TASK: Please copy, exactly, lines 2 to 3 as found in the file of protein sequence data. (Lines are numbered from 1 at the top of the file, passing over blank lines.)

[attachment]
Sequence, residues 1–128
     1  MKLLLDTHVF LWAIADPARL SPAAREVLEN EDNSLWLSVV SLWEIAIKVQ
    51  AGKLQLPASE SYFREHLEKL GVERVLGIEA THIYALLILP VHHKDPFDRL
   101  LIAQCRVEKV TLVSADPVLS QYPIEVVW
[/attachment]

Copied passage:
     1  MKLLLDTHVF LWAIADPARL SPAAREVLEN EDNSLWLSVV SLWEIAIKVQ
    51  AGKLQLPASE SYFREHLEKL GVERVLGIEA THIYALLILP VHHKDPFDRL